The Peasant and Her Smartphone: Agrarian Change and Land Politics in Myanmar

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This dissertation investigates how farmers, officials and activists navigate Myanmar’s contemporary political and agrarian transformations. I root my analysis in a particular agrarian landscape—the Kalay Valley—that provides a window onto environmental change and ethnic encounter in a privileged site of Southeast Asian state formation: the seam of the hills and the plains. Ethnographic research in and beyond Kalay allows me to examine how two different ethnic groups, the Burmans and the Chins, negotiate the changing values and meanings of land as collective territory, individual property and a source of livelihoods and community life. Recent economic liberalization and legal reforms have achieved neither democratic nor rural transition, as conventionally conceived. Rather, they have brought new technologies of production, communication and rule into the lives of Myanmar’s 35 million farmers, tools that shape both the stakes and terms of struggles on and for land. Each of three parts of the manuscript makes a distinct contribution that advances scholarship on environment, society and state. First, I bring together scholarship on ethnic and territorial boundary-making with insights from political ecology and agrarian studies to show how the erasure and recovery of political borders is embedded in the creation and closure of smallholder agrarian frontiers. Second, I contribute to debates on property, authority and state formation by analyzing Myanmar’s contemporary land reforms and proliferating land claims through the interlinked analytics of legal debris, elastic land, risky rights and performing property. Third, I bring classic agrarian questions of capital, labor, and class into conversation with work on rural-urban connections and the nascent field of digital geography to analyze the adoption of tractors, combine harvesters and smartphones. I highlight the role of new internet connections in sustaining communities across virtual and physical space, theorizing the ‘digital village’ as a simultaneously rural and virtual sphere, in which both soil and seasons, and the affordances of Facebook, structure social life and land politics.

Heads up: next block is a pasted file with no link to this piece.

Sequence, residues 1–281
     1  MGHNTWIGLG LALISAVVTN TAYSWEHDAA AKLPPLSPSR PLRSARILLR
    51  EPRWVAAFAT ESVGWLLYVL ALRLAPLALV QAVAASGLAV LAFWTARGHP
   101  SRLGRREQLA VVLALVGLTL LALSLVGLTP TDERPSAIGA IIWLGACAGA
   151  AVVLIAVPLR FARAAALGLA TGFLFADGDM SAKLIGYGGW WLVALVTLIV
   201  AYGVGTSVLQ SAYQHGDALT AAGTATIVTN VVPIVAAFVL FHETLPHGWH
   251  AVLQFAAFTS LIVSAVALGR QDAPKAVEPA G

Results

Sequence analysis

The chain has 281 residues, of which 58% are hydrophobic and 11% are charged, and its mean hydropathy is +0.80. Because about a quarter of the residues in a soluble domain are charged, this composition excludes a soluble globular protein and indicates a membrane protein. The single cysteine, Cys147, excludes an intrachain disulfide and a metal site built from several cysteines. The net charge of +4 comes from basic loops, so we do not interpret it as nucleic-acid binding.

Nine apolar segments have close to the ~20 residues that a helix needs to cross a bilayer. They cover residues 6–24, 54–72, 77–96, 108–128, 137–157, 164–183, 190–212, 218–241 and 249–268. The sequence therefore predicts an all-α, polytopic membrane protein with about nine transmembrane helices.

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292 pages


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land; Myanmar; political ecology; rural; State formation; territory


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Union Local


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Wolford, Wendy W.

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Fiskesjo, Magnus
Friedman, Eli
Kerr, Rachel Bezner

Degree Discipline

Development Sociology

Degree Name

Ph. D., Development Sociology

Degree Level

Doctor of Philosophy

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Government Document




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dissertation or thesis

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